Varney v. Ditmars – Case Brief
Varney v. Ditmars, 217 N.Y. 223, 111 N.E. 822 (1916).
Facts: Varney (P) was an architect and draftsman who accepted a position for $35 per week with Ditmars (D). A few months later Varney informed Ditmars that he had been offered another position at a higher salary and Ditmars gave Varney a raise. Ditmars was very pleased with Varney’s work and promised him that when he closed his books the following January he would give him a fair share of the profits.
P became ill and did not go to the office and was subsequently fired. P sued D for $1,680 for lost wages and profit sharing. P was the only witness to testify to the alleged contract and the complaint was dismissed. P appealed.
Issue: How specific must the material terms of a contract be in order to be enforceable?
Holding and Rule: The material terms of a contract must be definite and certain in order for a contract to be enforceable at law.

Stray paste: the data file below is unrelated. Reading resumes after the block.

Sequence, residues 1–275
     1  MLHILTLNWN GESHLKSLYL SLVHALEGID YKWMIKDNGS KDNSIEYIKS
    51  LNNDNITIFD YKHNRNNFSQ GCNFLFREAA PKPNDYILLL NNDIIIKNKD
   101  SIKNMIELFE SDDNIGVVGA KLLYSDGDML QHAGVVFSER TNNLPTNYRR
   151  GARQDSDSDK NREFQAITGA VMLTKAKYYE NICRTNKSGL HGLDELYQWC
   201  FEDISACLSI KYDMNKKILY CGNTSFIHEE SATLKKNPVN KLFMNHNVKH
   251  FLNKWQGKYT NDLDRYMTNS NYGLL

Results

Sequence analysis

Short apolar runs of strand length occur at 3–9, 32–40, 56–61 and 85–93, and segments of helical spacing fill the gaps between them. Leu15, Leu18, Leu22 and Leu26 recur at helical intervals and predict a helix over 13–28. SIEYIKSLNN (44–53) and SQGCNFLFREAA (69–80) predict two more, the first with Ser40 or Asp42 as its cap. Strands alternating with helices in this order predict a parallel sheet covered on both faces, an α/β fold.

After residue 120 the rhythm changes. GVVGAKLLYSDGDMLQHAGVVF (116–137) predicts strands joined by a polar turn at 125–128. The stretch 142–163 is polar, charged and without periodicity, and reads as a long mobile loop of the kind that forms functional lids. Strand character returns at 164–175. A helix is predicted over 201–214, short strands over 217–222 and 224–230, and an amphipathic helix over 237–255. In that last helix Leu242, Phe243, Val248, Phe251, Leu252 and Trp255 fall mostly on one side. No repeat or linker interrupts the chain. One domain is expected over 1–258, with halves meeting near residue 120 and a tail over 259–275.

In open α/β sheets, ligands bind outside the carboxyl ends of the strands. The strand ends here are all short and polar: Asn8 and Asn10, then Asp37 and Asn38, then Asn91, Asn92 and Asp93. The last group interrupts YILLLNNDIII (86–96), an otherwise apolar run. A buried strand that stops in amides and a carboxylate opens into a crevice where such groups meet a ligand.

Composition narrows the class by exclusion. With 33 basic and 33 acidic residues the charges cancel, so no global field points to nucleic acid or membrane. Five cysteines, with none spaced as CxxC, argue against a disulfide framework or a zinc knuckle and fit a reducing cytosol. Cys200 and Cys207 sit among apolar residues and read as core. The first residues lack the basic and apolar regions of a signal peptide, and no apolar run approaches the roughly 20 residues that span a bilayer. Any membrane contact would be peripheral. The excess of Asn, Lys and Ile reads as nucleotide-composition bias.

The court held that there could be no definite and certain meaning attached to the words “fair profit” and the alleged contract relating to that provision was therefore uncertain and indefinite. The court held that there is no contract so long as any essential element is open to negotiation.
Dissent (Cardozo): P failed to supply data essential to the computation of a fair profit. I cannot concur that he failed to make his case regarding the extent of his lost salary. The hiring was not at will and the plain implication was that P was to continue until the end of the year when the books were closed. The evidence presented would allow a jury to find that P was discharged without cause and his damages could be proven.